A critical darling when it hit the bigscreen in 1990, Whit Stillman's "Metropolitan" generated enough good will to fuel two subsequent pics by this writer-director-producer, neither of which is as favored as of his freshman effort. Unfortunately, this may not be quite the deluxe package this film's fans were awaiting.
A critical darling when it hit the bigscreen in 1990, Whit Stillman’s “Metropolitan” generated enough good will to fuel two subsequent pics by this writer-director-producer, “Barcelona” (1994) and “The Last Days of Disco” (1998), neither of which is as favored as of his freshman effort. Despite obvious debts to Woody Allen and Philip Barry, “Metropolitan” seems only to have grown in esteem. Unfortunately, this may not be quite the deluxe package this film’s fans were awaiting.
The movie itself is presented in a flawless new high-definition digital transfer, which preserves the lambent lighting that flattered every polished mahogany table and chintz-upholstered sofa in sight. And the sound couldn’t be crisper — the rustle of satin ball gowns a particular joy. Amazingly, these subtle attractions turn out to be almost accidental, at least if one believes the newly recorded commentary track, on which Stillman says he knew little about cinema’s technical aspects when he made this film.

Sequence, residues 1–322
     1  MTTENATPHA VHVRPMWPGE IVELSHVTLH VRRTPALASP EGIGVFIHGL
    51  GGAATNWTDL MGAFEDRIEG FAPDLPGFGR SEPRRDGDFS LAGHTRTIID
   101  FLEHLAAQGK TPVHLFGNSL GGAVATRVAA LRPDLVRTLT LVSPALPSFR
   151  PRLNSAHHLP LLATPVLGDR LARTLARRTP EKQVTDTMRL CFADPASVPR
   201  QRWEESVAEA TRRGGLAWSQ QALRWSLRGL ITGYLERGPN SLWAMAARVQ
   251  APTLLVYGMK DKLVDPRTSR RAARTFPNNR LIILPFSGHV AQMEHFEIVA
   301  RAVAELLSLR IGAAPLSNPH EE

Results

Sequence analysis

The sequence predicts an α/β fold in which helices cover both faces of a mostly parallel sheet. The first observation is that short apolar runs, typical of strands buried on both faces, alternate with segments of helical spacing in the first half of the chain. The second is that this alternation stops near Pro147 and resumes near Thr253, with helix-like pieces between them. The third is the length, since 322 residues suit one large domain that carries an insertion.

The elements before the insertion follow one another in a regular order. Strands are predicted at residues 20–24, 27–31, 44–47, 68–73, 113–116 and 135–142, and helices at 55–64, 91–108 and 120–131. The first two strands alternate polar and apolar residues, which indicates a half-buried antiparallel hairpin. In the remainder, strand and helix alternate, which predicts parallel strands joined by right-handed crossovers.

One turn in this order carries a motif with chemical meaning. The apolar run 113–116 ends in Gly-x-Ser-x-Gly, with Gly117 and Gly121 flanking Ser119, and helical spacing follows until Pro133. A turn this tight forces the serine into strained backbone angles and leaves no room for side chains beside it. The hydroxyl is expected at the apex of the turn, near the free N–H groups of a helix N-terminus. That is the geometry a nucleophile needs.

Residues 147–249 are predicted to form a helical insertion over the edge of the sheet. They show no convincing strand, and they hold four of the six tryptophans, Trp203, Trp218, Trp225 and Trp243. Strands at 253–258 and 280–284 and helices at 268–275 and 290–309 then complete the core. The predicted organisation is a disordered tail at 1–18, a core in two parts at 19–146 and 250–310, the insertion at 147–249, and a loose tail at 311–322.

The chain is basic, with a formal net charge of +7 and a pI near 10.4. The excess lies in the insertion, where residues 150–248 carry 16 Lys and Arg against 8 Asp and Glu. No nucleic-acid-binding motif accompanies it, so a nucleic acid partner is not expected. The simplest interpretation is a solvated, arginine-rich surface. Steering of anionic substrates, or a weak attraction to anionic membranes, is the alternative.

Pic’s droll dialogue sounds more sophisticated than ever, thanks to the memorable epigrams in Stillman’s Oscar-nommed script. But “Metropolitan” doesn’t just mock the prep school, debutante ball and regatta set. The film’s elliptical conclusion and opening (a late addition, says the director in his commentary) reveal a sympathy for this presumably dying breed, and a respect for a code of conduct some still hold dear.
Disappointment comes only because at Criterion’s high price, one wants more than a movie and solid commentary. Alas, the extras here are about as compelling as party favors at a stuffy New Year’s dance: dull outtakes and scenes with actors later replaced. Far better would have been new interviews with the film’s winsome cast, none of whom seem to have gone far in film.